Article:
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Monday Manifest: odd tool names

questionmark.jpgwell, its monday again, and today I’m pondering some odd tool names:

  1. Breast Drill Yep. As in something to drill holes in boobs. I dunno, maybe something a oplastic surgeon uses to make a place to squirt in the silicone. Nope. Actually, it is a type of hand drill (no motor) with a plate at the top. You lean your chest on the plate to hols the drill steady while you turn the crank to make the hole. Pretty cool, actually, and no boobs are damaged in the production of these holes.
  2. Pit Saw OK, you tell me: what kind of saw do you use to cut up a pit. I guess if you really want to get to the inside of those peach pits (we all need some cyanide, now and then, eh?), you might need a special saw. Or maybe you feel a real need to saw out your armpits…. Actually, a pit saw is a big honkin’ saw that was used to cut logs into boards by hand. One guy stood above the log, and the other poor sap stood in (you guessed it) a pit under the log. They took turns hauling on the saw, cutting the log into slabs.
  3. Float This should be somethign that bobs, hovers, or otherwise exhibits some sort of buoyancy, right? Guess again. A float is like a rasp (type of file), but the teeth are more like curved blades – imagine a file face, but instead of having a bunch of little pokey-out sharp bits, it has a series of curved blades. A specialty tool used kind of like a rasp, file, or plane.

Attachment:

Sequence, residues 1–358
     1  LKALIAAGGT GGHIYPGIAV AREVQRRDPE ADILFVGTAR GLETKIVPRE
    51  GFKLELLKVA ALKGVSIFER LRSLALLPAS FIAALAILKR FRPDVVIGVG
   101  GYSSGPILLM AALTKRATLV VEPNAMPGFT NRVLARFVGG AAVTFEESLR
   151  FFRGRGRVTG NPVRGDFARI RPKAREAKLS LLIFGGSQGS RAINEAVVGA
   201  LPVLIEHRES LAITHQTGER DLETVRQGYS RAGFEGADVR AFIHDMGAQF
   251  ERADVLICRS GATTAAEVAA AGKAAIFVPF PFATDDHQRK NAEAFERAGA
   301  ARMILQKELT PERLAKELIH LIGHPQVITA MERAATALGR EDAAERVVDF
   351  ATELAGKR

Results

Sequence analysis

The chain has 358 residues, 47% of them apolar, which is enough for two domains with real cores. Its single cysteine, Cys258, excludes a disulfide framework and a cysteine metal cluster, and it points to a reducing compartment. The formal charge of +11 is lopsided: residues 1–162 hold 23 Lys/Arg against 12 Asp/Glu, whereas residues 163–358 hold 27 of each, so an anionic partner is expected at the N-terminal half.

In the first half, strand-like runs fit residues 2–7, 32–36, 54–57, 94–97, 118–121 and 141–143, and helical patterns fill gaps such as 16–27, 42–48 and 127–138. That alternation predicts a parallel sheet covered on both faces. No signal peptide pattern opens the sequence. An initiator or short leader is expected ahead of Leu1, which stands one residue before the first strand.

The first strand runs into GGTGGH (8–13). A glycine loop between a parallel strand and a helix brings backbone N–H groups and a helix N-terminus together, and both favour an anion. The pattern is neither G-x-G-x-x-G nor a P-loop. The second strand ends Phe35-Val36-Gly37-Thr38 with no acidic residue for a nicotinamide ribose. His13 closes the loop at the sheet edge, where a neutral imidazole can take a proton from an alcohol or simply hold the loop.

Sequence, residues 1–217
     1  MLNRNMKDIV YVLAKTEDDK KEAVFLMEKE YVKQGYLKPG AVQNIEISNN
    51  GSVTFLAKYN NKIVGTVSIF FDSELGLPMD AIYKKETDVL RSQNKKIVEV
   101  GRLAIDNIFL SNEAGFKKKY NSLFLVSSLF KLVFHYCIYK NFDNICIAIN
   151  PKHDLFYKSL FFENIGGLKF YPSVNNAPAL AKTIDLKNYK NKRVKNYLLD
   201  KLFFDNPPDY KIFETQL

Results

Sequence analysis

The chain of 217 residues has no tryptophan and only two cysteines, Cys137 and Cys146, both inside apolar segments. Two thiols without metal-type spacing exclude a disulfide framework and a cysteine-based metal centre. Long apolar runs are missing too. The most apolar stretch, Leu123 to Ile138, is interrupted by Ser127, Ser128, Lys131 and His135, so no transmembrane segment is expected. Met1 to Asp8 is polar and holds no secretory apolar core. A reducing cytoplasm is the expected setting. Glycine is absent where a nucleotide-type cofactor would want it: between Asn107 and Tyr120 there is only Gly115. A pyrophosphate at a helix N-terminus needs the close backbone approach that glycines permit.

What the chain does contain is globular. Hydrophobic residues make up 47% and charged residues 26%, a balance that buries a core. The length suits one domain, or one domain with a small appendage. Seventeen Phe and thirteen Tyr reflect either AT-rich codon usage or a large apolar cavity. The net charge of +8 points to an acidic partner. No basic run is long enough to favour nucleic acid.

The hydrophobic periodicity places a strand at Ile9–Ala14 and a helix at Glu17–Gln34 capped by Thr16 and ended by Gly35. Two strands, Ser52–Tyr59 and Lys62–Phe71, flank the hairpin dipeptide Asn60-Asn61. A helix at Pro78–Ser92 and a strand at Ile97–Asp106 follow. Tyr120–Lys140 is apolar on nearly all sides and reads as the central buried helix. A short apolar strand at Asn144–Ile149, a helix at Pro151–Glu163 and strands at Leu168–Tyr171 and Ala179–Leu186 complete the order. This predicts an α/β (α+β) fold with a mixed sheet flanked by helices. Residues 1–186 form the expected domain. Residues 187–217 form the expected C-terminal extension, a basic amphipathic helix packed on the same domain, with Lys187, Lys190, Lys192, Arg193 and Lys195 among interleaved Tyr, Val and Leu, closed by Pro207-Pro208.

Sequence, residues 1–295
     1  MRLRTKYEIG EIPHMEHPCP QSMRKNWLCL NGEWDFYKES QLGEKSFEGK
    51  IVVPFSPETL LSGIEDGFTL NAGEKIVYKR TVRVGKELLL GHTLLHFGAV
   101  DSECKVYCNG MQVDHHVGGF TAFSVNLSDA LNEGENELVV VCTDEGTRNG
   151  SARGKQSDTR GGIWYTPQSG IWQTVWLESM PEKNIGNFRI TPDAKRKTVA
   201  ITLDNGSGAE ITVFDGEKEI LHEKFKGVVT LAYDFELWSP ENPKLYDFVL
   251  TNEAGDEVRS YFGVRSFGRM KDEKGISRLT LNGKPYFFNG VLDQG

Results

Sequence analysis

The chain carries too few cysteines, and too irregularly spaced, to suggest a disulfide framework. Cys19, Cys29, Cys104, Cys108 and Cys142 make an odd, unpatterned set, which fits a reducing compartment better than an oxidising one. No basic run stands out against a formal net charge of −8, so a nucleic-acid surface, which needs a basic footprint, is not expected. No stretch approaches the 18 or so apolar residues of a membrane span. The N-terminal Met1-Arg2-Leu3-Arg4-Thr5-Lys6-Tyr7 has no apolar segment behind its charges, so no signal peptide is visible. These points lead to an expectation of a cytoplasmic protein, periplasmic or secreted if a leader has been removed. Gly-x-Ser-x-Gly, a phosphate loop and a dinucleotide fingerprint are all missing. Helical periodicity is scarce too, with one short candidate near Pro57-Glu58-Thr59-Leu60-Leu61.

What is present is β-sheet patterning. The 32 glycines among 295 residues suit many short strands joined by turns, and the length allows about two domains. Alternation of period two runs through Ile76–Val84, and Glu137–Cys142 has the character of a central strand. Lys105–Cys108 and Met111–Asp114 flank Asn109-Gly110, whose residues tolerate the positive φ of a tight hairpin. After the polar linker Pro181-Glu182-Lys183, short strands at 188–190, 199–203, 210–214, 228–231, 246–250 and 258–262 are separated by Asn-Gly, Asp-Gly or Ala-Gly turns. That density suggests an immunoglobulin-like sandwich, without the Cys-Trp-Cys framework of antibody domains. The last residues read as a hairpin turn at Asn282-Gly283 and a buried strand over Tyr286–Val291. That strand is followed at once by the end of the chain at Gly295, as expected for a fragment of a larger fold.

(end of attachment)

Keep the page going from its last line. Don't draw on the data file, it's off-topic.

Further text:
4. Brace and Bit A brace holds something up, right? and a bit? that’s just a little hunk of something, so a brace and bit should be something that holds up little pieces of stuff right? Nope again. A brace is a type of hand drill, and it holds a bit – the “drill bit” part. Kind of like grandpa’s crank drill, but older.
  5. Post Drill Used to drill holes in posts, right? nah, that would make too much sense. A post drill is a sort of hand-cranked drill press that you mount on a wall or pole. Get it? hang it on a pole, and it’s a pole drill. Those old guys had some great imagination (or something).
  6. Vice Grips This one is just too easy. I don’t know what your vice is, but “gripping” is not something I can imagine being pleasant for any of my vices. OK, so they’re really locking pliers, but who came up with that name?
  7. Back Saw here’s another saw, and no, it isn’t used to saw backs. Butchers use hack saws (or band saws). A back saw is a saw that has a rigid hunk of metal along the back of it. They are used for joinery instead of turning big wood into little wood.
  8. Lathe  This one is odd becuas eit simply makes no sense. Despite the odd names listed above, most of them actually have some obscure questionrelation to the tools they represnet. A lathe grabs a hunk of wood and spins it really fast so you can turn it into a bowl, spindle or some other more or less roundish object. Super-Dooper-Wood-Spinner? sure. Whirl-a-wood? OK. lathe? What the flippin heck kinda name is that?
  9. Bark Spud I’m not making this one up. These aren’t potatos that grow under tree bark. Its more like a giant chisel that is used to remove bark from logs. Imagine a canoe paddle made of steel. The short edge of the paddle is kinda sharp, and you shove it along the log carving off the bark. Sounds like fun, eh? Sure doesn’t sound like ‘Spud’ to me though.
  10. Gimlet No, this isn’t one of the dwarves from The Hobbit. Nor is it some obscure cut ofmeat. A gimlet is kind of like a drill, but not really. Imagine if you took a screw and used it to drill holes. That’s how a gimlet works. To make them “easier” to use, the screw part was usually mounted to some sort of handle. The idea is that you screw it into the wood, and when you take it out, it leaves a hole. Surprisingly, they work very well for making holes that will get screws put in them later. Of course, the gimlet has to be smaller than the screw, or the screw just falls out, but hey, we’re talking about their names not how to use them. Cope. No wait, you need a saw for that. Anyway, I’m done now. Go read something else.

One Response

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